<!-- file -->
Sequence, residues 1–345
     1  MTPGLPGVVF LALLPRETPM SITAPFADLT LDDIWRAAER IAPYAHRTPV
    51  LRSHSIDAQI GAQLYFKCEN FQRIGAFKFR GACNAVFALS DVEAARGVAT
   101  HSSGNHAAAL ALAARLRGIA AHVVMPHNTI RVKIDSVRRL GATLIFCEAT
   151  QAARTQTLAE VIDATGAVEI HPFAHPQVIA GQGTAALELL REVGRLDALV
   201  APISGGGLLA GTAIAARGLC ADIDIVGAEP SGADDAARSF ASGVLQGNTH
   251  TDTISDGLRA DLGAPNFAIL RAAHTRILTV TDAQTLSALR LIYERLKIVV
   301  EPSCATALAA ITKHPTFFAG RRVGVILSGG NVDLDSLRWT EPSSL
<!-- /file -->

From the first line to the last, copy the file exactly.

Sequence, residues 1–345
     1  MTPGLPGVVF LALLPRETPM SITAPFADLT LDDIWRAAER IAPYAHRTPV
    51  LRSHSIDAQI GAQLYFKCEN FQRIGAFKFR GACNAVFALS DVEAARGVAT
   101  HSSGNHAAAL ALAARLRGIA AHVVMPHNTI RVKIDSVRRL GATLIFCEAT
   151  QAARTQTLAE VIDATGAVEI HPFAHPQVIA GQGTAALELL REVGRLDALV
   201  APISGGGLLA GTAIAARGLC ADIDIVGAEP SGADDAARSF ASGVLQGNTH
   251  TDTISDGLRA DLGAPNFAIL RAAHTRILTV TDAQTLSALR LIYERLKIVV
   301  EPSCATALAA ITKHPTFFAG RRVGVILSGG NVDLDSLRWT EPSSL